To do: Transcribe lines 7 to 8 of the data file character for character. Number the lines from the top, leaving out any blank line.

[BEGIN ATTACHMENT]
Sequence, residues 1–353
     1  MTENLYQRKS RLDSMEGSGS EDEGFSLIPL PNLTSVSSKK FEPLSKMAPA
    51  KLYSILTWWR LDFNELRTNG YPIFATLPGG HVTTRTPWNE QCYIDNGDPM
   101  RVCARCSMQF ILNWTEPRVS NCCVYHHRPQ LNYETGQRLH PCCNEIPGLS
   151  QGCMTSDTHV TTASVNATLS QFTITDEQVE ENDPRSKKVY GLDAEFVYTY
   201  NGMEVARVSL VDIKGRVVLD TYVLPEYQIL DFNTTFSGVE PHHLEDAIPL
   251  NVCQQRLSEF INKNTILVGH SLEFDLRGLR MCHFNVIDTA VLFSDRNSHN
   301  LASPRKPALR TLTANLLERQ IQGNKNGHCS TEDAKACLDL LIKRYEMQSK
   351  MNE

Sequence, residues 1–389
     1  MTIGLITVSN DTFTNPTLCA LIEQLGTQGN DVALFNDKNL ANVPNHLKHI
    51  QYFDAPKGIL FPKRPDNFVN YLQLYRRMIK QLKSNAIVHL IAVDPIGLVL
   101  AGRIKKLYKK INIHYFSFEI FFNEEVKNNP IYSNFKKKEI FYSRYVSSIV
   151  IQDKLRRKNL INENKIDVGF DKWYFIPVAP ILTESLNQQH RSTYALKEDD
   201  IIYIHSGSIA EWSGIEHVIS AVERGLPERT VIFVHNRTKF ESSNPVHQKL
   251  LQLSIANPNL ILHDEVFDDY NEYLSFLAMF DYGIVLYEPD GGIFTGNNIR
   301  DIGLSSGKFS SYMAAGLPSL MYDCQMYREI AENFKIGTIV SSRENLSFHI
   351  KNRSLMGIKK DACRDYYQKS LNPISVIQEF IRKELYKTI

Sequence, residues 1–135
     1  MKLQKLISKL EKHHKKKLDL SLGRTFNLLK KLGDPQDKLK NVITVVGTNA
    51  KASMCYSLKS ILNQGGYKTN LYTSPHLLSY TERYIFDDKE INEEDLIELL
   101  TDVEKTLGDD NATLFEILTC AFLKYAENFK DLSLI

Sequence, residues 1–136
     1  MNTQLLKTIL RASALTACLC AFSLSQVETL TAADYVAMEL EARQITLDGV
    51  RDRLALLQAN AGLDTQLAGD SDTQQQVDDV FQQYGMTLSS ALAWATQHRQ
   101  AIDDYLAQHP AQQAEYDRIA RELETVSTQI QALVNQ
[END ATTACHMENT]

   251  NVCQQRLSEF INKNTILVGH SLEFDLRGLR MCHFNVIDTA VLFSDRNSHN
   301  LASPRKPALR TLTANLLERQ IQGNKNGHCS TEDAKACLDL LIKRYEMQSK